The Tools We Use

Back in 1964 Marshall McLuhan said  “We shape our tools and afterwards our tools shape us”. McLuhan was actually talking about the media when he said this but much of what he said then has a great deal of relevance in today’s mixed up media world too.It occurs to me that McLuhan’s tool quote equally applies to the tools we use, or misuse, as software architects. PowerPoint (or Keynote for that matter) has received pretty bad press over the years as being a tool that inhibits rather than enhances our creativity. Whilst this does not have to be the case, too many people take tools, such as PowerPoint, and use them in ways I’m pretty sure their creators never intended. Here are some common tool (mis)uses I’ve observed over the years (anti-patterns for tools if you like):

  1. Spreadsheets as a databases. Too many people seem to use spreadsheets as a sort of global repository for dumping ideas, data and information in general because it gives them the ability to easily sort and categorise information. Spreadsheets are good at numbers and presenting analytical data but not for capturing textual information.
  2. Presentations as documents. Sometimes what started out as a presentation to illustrate a good idea seems to grow into a more detailed description of that idea and eventually turns into a full-blown specification! The excuse for doing this being “we can use this to present to the client as well as leaving it with them at the end of the project as the design of the system”. Bad idea!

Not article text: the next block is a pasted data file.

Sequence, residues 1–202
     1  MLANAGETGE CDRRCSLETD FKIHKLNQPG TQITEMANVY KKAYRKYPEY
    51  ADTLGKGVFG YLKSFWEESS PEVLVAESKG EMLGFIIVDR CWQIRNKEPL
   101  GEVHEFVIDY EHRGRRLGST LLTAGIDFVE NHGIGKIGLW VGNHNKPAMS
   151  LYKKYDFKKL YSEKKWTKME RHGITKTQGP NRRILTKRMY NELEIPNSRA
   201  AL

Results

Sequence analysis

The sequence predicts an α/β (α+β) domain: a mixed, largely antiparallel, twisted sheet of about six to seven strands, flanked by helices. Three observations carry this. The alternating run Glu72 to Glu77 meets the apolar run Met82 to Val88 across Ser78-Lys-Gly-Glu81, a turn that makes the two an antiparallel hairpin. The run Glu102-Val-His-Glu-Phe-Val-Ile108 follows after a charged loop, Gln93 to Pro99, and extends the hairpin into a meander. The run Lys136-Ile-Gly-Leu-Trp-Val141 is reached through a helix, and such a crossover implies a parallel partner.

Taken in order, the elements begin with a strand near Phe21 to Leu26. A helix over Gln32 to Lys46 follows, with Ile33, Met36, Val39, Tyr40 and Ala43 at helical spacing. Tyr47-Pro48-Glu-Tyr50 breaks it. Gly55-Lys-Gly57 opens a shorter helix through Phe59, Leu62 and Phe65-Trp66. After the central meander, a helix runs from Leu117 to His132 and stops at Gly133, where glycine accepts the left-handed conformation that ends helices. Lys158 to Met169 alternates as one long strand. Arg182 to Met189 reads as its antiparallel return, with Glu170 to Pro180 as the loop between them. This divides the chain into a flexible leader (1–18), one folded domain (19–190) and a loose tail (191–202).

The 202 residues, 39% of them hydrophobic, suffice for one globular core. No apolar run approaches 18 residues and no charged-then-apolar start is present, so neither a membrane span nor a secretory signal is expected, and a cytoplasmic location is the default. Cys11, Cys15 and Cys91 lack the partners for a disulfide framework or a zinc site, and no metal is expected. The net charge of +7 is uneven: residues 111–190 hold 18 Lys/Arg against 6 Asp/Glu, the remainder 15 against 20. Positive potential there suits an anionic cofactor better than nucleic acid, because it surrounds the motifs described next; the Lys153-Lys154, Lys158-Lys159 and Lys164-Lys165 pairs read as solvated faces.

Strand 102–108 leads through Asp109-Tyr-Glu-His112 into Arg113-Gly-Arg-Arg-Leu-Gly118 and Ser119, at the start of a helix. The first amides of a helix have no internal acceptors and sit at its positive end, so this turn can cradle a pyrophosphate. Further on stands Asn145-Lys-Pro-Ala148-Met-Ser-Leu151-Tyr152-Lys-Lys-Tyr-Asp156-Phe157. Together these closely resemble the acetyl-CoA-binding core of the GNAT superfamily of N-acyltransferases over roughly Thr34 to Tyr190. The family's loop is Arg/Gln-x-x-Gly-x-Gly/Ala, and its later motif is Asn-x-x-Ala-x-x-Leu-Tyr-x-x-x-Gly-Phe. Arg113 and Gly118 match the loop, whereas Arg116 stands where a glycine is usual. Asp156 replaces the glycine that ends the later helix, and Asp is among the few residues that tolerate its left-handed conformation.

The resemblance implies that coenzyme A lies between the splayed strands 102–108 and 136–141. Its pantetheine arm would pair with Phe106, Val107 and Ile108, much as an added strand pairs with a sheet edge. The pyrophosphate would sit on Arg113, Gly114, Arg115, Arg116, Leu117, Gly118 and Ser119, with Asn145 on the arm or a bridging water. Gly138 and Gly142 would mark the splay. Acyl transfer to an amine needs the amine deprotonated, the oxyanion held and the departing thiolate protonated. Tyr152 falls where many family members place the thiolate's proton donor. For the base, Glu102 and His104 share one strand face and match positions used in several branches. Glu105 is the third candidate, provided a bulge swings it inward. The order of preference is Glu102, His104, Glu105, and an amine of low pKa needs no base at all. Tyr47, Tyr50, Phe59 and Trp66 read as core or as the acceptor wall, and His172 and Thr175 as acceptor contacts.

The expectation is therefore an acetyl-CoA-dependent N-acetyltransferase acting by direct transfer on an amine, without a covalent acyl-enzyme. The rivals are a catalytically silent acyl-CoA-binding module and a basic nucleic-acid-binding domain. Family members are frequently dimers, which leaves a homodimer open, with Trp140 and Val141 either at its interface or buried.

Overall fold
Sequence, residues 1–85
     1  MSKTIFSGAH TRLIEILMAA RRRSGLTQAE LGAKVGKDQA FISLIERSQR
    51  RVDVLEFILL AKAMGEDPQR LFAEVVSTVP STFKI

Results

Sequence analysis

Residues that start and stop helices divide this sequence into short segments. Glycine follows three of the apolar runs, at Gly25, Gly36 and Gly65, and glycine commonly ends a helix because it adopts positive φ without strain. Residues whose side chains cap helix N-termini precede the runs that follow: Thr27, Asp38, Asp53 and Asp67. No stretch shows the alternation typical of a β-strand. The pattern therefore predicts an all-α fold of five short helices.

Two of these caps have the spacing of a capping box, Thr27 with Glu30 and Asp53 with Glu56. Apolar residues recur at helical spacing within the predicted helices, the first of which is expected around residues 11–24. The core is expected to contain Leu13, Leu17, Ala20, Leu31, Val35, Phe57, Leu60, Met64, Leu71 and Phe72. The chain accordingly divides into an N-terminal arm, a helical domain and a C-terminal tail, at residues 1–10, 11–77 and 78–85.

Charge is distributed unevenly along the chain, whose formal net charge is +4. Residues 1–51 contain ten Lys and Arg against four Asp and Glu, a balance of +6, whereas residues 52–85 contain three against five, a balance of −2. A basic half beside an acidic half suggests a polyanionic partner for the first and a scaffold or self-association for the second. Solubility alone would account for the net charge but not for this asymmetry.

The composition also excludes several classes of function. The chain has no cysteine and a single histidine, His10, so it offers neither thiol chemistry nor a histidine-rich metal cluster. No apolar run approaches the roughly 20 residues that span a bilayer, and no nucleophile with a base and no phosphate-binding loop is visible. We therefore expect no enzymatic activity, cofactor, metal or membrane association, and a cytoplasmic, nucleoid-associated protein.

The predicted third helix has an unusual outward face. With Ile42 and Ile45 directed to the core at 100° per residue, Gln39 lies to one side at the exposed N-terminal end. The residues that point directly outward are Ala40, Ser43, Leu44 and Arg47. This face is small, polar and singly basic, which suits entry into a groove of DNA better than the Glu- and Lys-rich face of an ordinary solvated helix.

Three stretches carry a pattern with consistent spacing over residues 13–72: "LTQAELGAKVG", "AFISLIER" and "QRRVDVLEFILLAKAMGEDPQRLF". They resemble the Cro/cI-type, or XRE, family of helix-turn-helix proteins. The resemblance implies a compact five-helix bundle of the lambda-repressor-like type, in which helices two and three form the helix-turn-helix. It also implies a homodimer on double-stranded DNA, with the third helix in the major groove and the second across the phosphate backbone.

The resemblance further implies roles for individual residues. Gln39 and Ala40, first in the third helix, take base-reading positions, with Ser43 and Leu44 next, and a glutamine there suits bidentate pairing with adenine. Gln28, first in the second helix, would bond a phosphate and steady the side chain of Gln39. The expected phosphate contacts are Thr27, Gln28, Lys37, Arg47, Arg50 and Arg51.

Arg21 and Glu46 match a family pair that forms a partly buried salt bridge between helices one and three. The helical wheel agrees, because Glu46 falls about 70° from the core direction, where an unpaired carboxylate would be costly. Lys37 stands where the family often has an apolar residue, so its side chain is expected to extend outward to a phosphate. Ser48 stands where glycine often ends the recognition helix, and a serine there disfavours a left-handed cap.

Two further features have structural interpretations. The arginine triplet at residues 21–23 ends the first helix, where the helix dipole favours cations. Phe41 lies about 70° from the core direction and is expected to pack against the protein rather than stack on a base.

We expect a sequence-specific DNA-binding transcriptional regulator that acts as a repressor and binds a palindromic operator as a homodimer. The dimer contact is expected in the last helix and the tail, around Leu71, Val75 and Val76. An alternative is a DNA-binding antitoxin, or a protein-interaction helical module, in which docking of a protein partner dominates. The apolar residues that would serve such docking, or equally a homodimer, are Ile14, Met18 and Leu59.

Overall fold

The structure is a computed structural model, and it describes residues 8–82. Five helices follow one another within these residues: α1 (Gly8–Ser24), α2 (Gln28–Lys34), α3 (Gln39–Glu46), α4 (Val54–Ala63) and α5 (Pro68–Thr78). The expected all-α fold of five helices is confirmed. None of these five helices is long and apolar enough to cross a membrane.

3. Presentations as a substitute for presenting. The best presenters present “naked”. Minimal presentations (where sometimes minimal = 0) where the presenter is at the fore and his or her slides are illustrating the key ideas is what presenting is or should be about. Did John F Kennedy, Winston Churchill or Martin Luther King rely on PowerPoint to get their big ideas across? I think not!
  4. Word processors as presentations. This is the opposite of number 2. Whilst not so common  people have been known in my experience to ‘present’ their documents on a screen in a meeting. It goes without saying, or should do, that 12pt (or less) text does not come across well on a screen.
  5. Word processors as web sites. Although most word processors have the capability of generating HTML this is not a good reason for using them to build web sites. There are a multitude of free, open and paid for tools that do a far better job of this.
  6. Emails as documents. This is variant (generalisation) of one of my favourite [sic] anti-patterns. e-mails are one of the greatest sources of unstructured data in the world today. There must be, literally, terabytes of data stored using this medium that should otherwise be captured in a more readily consumable and accessible form. e-mails clearly have a place for forming ideas but not for capturing outcomes and persisting those ideas so others can see them and learn from them.

3 thoughts on “The Tools We Use

  1. However, a well constructed architectural model in a suitable tool (heh heh!) can be very effective as a presentation tool – allowing you to drill in to the areas that the conversation takes you

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